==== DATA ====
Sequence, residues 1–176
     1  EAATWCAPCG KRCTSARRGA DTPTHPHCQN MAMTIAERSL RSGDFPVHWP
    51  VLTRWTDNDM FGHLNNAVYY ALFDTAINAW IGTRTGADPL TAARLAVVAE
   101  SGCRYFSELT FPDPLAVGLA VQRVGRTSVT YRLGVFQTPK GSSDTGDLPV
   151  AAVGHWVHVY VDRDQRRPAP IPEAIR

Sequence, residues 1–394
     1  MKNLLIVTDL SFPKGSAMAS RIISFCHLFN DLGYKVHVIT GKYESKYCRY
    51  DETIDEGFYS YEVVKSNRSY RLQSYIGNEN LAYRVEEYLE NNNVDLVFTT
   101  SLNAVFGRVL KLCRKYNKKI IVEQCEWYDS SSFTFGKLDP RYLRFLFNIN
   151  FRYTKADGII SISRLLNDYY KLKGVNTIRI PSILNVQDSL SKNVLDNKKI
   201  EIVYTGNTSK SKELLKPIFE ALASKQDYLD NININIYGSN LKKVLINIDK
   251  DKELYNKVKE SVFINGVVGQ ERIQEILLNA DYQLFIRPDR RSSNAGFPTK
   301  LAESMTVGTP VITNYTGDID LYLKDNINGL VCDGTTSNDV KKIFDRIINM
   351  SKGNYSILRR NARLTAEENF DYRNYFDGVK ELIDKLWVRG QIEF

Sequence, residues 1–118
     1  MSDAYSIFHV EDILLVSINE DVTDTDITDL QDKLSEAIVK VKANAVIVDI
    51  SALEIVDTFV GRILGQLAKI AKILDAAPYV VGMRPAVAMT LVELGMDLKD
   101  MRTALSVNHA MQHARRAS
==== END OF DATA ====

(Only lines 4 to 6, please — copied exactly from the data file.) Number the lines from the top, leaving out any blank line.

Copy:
   101  SGCRYFSELT FPDPLAVGLA VQRVGRTSVT YRLGVFQTPK GSSDTGDLPV
   151  AAVGHWVHVY VDRDQRRPAP IPEAIR

Sequence, residues 1–394